Today (finally!) is the start of 2011's St. Louis Fashion Week. For the seventh year, Brown Shoe will be presenting Project:Design!, a competition featuring the work of six designers based out of, or near, St. Louis. The lines of the top six designers, chosen online by the public, will be featured in a fashion show tonight at Fashion Week. Judges will then choose a winner, who will receive prizes including a consultation with 963Collective and coverage in ALIVE Magazine.
Daily RFT highlighted one finalist each day until October 11, showcasing the best talent this area has to offer. Today is the final post in our series.
Cindy Brown, 24, began her clothing line Rebel Tart in March of 2009. She lives in St. Louis.
What is your philosophy on fashion? My outlook and philosophy is to just do whatever you want to do regardless of how people feel. I basically use fashion as an outlet to express my individualism and creativity. I think that should be a vehicle to express what kind of individual you are. For me it's all about being bold and being noticed and being recognized because you have one life to live, so you might as well live it in the best way and the most fun and truest form that you can.
What does your line look like? My line looks like a '50s housewife mixed with a circus. I am not afraid to use prints. In fact, there is not a single solid piece in my line. Mostly, everything is leopard print, polka dots and bows.
I'm very feminine -- a little bit more feminine than I ever thought I would design -- but at the same time it's very edgy and rock 'n roll.
How do your designs reflect on your personal wardrobe? Instead of designing for the masses, I just design what I love. I know that if I wear it and I wear it confidently, other people will end up doing the same thing. It is absolutely a reflection on everything that I wear. In fact, everything made for my sample sizes are my own pieces, made for my wardrobe. They're very loud, they're very obnoxious, but they're still very feminine and kind of bad-ass.
When did you become interested in fashion? My mom taught me how to sew when I was seven. She started sewing when she was ten. When I was growing up I would watch her make clothes for me for every holiday occasion. I had some of the ugliest dresses, looking back on them now, that she let me put together. Watching her really got me into the construction aspect, so probably around ten or eleven I started ripping apart my clothes just to see how they were put together. From there I've just been a sewing bandit.
How are you feeling about 'Project:Design!'? I am pumped. I have been waiting for a big show since I started sewing. A lot of times it was very back and forth on whether or not I was good enough to do this. I attempted Project:Design! a few years ago and I was just so naive about it I didn't get anywhere near making it. This year I knew I was going in with my best work and the best representation of myself as possible. Now as dramatic as it is with the deadlines we have to meet and decisions we have to make and having to have our hand in everything, I am more pumped than nervous. I don't even care about winning, I'm just fortunate to get to show. I'm excited people can see what I can do.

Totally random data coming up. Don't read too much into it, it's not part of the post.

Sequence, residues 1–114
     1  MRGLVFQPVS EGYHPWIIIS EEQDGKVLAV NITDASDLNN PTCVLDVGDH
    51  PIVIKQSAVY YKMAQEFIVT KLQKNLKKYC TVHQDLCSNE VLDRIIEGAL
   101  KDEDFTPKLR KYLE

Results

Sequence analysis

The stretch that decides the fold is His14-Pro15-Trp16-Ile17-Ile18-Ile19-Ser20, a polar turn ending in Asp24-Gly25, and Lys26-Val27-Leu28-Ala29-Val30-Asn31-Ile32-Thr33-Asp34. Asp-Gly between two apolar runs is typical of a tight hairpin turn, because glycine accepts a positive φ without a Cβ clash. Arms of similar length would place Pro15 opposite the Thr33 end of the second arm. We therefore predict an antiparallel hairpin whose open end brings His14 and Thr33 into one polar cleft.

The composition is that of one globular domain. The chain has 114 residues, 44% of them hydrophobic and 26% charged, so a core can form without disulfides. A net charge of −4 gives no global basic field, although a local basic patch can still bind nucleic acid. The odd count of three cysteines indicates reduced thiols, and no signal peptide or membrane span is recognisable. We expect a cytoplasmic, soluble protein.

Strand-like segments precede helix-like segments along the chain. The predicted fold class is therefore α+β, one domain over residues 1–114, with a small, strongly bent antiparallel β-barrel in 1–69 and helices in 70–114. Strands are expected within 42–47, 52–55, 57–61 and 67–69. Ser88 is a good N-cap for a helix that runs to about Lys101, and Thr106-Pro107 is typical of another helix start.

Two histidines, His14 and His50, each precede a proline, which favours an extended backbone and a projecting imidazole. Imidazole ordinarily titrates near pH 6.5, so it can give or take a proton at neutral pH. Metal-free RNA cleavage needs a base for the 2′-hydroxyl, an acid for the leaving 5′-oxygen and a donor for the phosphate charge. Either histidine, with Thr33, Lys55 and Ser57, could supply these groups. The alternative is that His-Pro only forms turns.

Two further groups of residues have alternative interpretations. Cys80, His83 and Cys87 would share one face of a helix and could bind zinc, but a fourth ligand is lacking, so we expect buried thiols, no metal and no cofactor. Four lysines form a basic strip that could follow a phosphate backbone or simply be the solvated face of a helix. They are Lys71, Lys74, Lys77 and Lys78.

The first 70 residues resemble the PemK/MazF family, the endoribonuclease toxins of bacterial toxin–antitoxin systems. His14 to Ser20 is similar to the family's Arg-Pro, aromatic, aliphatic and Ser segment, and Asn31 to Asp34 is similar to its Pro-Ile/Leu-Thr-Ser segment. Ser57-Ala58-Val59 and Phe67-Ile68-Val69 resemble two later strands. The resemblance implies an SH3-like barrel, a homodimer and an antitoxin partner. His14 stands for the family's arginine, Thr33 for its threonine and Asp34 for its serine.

What do you think will be the most valuable part of the experience? It's hard to say. You get to meet so many different people within the industry and really see how a fashion show goes. I've yet to be in that kind of setting. Watching that unfold and seeing what all goes into that is really valuable. The Midwest is a hard place to do fashion and St. Louis is trying to get them coming by having Fashion Week here, so getting that exposure is going to be key in anything I do in the future.
Who do you look up to in the fashion world? My No. 1 favorite designer is Betsey Johnson. She is the kookiest lady I have ever seen in the industry. She's easily well above her 60s and still doing cartwheels on the runway. She's got visible weave extensions in and she's just a hot mess in the best way possible. She's crazy with her patterns; she's fearless with silhouettes. She just goes for it.
Gwen Stefani with her L.A.M.B. line -- she's always been such and icon in fashion and she has a keen eye for looking so put-together. She's one that I think is doing great for the industry and bringing in new things and cultures.
What is your long-term goal for Rebel Tart? My long-term goal, first of all, is to see any one of my dresses on a red carpet anywhere. I just want to see one celebrity, or semi-celebrity, wearing it. If nothing ever happens from there, I would be a happy camper.
Realistically, I would love to be doing Rebel Tart full time. I have a full-time job and this is my passion, but unfortunately I have to do it in all of my free time. I would love to be able to live off if, even if I'm just barely getting by. I would love to open a boutique and go online.
What do you want people to know about you? I want people to know that I am the exact representation of my line. This is not a show, not a facade. Everything I put out is a realistic version of my self expression. I put more into my line than every other aspect of my life. I'm the one who sews it, I'm the one who designs it, I'm the one who finances it. It is every part of me. I embrace exactly what I do. I don't do this to make money. I do this because I absolutely love it and could not see myself doing anything else, ever.
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